The Egyptian food of my childhood is simple and rustic. Rozz and molokhia are created with more soul than science; family recipes are handed down without mention of measurements, temperatures, and cooking times. Egyptian women like Tant seem to have a cooking instinct that renders the need for those guidelines obsolete.

When I was in middle school, I had to complete an assignment to prepare an authentic Egyptian dish, provide the recipe, and demonstrate how the dish was made. My teacher was forced to give me a C for the project. “I’m sorry,” she wrote on my paper. “A coffee cup is not a one-cup measure and ‘kinda like this’ is not a proper instruction. The stuffed grape leaves were delicious, however!”

At home, I cooked with that same instinct, but for this contest, I needed to channel my innermost scientist, mathematician, and engineer. My food fight meal had to be painstakingly planned, from recipe to prep to execution to plating. I could leave nothing to chance.

While I wasn’t exactly sure what I was going to make, I was certain of a few facts. First, I would absolutely not make anything that night that I’d never made before. Second, my dishes would be sophisticated in flavor profile and plating but relatively simple to put together. I had to be able to do as many things ahead of time as possible. My team and I were going to serve 520 plates of food in a three-hour period. Meticulous planning and maximum efficiency would be critical to pulling off this massive event.

 Chris didn’t have quite the same enthusiasm for my eighth rib trial as he had for the first, but he smiled at me. I must have been a sight that dreary Sunday afternoon. My hair was a frazzled mess piled high on my head. Splotches of sauce dotted my apron, pants, and right cheek. My kitchen had been in a state of destruction for days, as I cooked, tested, and forced Chris to taste. During those weeks, I would come home from work, pull out my massive notebook, put an apron on over my work clothes, and get down to business. The first nights were great, because we had better weeknight dinners than ever, but by now, Chris and the kids were developing “taster fatigue.”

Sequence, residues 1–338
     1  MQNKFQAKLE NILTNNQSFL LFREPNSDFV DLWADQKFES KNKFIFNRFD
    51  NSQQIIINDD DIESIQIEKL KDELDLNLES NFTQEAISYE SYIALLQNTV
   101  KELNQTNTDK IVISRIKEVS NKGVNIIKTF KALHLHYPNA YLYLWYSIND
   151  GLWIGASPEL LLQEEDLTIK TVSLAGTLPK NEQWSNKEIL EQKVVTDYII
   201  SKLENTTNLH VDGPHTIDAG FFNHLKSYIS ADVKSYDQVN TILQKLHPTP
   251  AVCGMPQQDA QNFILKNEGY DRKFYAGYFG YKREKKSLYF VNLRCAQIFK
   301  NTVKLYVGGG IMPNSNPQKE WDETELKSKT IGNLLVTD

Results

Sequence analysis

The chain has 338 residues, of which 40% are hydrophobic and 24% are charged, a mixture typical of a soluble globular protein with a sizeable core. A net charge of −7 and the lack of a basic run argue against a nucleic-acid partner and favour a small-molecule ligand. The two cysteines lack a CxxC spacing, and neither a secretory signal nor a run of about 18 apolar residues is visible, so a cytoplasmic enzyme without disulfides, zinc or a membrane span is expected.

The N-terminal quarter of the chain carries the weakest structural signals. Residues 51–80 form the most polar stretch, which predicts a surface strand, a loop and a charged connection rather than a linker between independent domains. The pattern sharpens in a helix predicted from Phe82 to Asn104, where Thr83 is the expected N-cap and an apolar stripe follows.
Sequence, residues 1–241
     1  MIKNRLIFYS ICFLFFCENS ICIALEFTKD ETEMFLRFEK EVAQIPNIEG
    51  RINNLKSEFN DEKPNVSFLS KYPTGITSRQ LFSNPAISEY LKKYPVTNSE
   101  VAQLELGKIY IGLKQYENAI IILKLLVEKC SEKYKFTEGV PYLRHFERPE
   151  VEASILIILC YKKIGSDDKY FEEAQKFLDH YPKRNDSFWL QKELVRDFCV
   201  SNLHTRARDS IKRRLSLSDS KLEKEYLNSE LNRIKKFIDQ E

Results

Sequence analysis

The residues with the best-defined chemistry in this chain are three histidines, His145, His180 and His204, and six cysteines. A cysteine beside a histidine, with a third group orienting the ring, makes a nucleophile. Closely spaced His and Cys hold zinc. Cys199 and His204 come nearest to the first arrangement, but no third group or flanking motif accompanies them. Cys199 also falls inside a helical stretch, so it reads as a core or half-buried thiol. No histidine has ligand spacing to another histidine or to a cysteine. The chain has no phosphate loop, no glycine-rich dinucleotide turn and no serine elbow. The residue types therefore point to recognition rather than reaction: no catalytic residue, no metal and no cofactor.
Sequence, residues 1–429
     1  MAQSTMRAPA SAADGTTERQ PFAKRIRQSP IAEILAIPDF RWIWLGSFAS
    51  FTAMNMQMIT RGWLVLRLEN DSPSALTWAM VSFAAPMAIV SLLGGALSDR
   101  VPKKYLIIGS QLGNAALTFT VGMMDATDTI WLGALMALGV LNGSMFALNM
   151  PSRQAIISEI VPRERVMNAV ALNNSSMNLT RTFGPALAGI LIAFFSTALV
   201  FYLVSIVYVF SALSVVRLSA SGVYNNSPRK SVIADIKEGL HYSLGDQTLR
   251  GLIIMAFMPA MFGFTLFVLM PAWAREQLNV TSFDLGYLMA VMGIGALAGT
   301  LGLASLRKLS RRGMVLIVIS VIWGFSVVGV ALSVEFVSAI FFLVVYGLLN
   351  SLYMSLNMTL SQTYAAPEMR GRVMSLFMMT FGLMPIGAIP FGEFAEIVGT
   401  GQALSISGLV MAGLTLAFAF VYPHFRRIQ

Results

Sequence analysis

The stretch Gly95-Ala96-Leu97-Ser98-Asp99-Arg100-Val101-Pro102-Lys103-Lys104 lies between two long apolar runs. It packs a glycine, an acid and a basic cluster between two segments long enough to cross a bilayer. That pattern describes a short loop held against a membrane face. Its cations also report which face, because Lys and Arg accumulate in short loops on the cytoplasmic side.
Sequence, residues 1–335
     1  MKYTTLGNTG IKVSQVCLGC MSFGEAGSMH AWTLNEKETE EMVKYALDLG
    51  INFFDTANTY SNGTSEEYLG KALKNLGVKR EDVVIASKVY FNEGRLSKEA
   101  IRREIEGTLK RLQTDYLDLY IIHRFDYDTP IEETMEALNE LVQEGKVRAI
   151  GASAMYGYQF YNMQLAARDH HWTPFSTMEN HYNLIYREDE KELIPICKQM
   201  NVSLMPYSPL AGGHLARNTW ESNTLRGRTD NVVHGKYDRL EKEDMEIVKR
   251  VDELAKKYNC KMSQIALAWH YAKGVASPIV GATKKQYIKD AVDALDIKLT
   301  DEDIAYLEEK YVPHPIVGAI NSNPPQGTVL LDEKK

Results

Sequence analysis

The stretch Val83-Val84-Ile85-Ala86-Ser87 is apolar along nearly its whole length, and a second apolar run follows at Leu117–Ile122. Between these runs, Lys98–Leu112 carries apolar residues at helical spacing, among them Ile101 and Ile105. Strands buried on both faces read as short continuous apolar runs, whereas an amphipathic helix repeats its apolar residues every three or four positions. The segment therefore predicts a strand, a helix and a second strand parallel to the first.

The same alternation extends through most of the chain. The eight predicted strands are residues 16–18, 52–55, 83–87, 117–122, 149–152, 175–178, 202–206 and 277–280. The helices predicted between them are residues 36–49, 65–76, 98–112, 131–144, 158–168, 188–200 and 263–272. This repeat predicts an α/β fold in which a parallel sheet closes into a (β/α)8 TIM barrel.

In our marriage, one thing was a given: I cooked, and Chris cleaned up after me. Yet even during these crazy weeks leading up to the food fight, even as he washed and scrubbed and dried, only to repeat the same ritual night after night, his tone never got edgy. In fact, with every dishwasher load he emptied, he seemed to brighten.

Something about the way Chris was looking at me that Sunday afternoon of the rib trial made me pause. “What? Don’t you like it? Too much soy sauce? Last time better? No. It was the third one—the one with twice the soy and half the tomato. That was the best, wasn’t it?” As I rambled, I smoothed my dirty apron nervously over my thigh and blew a rogue curl off my face.

Chris put down his fork and walked over to me. As he tucked the stubborn curl behind my ear, he said, “No. I don’t know which short ribs were the best. All I know is that seeing you pattering around the kitchen again gives me peace. If I have to eat short ribs every day for the rest of my life to see that smile, so be it. And, just so you know, these are the worst ones yet— you’re overthinking it.” With that, he kissed my cheek, shrugged on his coat, and headed out.